Norton’s Notions: “The Housing Argument—and Problem–Continues”

The valley’s census data, comparing 2010 and 2000, points to why we have a housing crunch. We have lost adult population ages 20-49, and dramatically gained population ages 50 and above. That latter category accounts for a net gain of over 1,000 adults in that census period.

Most of these older people, myself included, probably have more resources than we had in our formative working years. More money chasing a relatively static housing market drives housing prices ever higher. The advent of Vacation Rentals By Owners (VRBO’s) throws accelerant gas on the housing fire.

Joel Kotkin studies housing in California and across the country. In a piece
 titled Landless Americans Are the New Serf Class he writes “High rents are leaving many at the brink of poverty. Adjusted for housing costs, California has the largest share of its citizens living in poverty—well above the rate for such historically poor states as Mississippi.” http://joelkotkin.com/landless-americans-are-the-new-serf-class/

He continues “Since 2000, the home ownership among those under 45 has plunged 20 percent.” He makes the point that millennials are taking it on the chin in housing in a way we Boomers never did. According to American Community Survey data, the share of the California homeowners over 55 years old has shot up from 41 percent to 55 percent since 2000.

Kotkin explores options to solve the problems that exist not just here but across the country, and concludes that for the moment “The reduction in the prospects in homeownership combined with the rising rent burden is leading us toward an ever more unequal society—one increasingly divided by class, color, and generation.”

Kotkin didn’t write we are headed to “an unequal society,” which we will always have, but a “more unequal society,” which cannot, in the long term, be healthy for our valley or our country.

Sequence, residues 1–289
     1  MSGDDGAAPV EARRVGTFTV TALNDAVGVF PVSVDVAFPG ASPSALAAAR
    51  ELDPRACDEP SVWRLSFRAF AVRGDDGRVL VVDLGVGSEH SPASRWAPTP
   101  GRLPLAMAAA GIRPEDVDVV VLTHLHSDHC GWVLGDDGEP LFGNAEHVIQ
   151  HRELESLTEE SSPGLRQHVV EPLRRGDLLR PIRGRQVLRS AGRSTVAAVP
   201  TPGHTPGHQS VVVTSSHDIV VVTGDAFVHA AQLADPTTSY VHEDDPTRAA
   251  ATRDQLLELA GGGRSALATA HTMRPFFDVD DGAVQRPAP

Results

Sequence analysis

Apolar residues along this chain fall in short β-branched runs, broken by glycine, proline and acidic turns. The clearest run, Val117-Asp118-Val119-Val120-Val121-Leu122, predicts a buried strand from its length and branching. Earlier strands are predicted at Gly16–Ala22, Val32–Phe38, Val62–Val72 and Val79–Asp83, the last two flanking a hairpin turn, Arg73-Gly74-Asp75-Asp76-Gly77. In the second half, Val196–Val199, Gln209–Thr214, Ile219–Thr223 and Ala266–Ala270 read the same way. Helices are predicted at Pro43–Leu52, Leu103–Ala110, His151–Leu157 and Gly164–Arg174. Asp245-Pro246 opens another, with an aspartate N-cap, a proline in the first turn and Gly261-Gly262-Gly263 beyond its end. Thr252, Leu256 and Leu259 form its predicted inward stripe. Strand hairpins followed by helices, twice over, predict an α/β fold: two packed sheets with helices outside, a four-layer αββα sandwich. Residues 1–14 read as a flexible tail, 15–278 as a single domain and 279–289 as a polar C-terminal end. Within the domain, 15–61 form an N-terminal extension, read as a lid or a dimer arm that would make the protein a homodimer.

During our low snow winter, I heard talk on the street that there is really no housing crisis here, and that businesses were well served by employees who had housing. But in last week’s Crested Butte News we can all see over 14 columns of Help Wanted ads, and here it is mid-May, when employers are just gearing up for the summer.

Opponents of the Brush Creek housing, Friends of Brush Creek, win the battle of attendance at public meetings. The proponents of Brush Creek housing win the battle of total numbers of supporters. The difference is probably because supporters do not have the luxury of available time for daytime public meetings and are likely to be less comfortable speaking in front of a hostile audience prone to heckling.

Eyes are on Mt Crested Butte for the deciding vote amongst the owners of the Brush Creek parcel. Mt Crested Butte has signaled that it is willing to discuss a free parcel in Mt Crested Butte. But who is to say there won’t be similar blowback in MCB? And the real answer is probably that this is not an either/or question. We most certainly will need Brush Creek and Mt Crested Butte parcels for additional and needed housing if we are to adequately plan for our future.

As a nation we aren’t successful at solving this big housing problem for a variety of reasons, including the latest HUD proposal to raise the affordable housing bar to 35% of income from 30%. But as a valley, we could take a real step to solving part of the problem here.

It will be interesting to see how this plays out on the Mt Crested Butte Council, once Dave O’Reilly’s successor is appointed. Will we continue to admire and discuss this problem? Or take a step to begin fixing it?

You can always reach me at john@nortonglobal.com

via Crested Butte News

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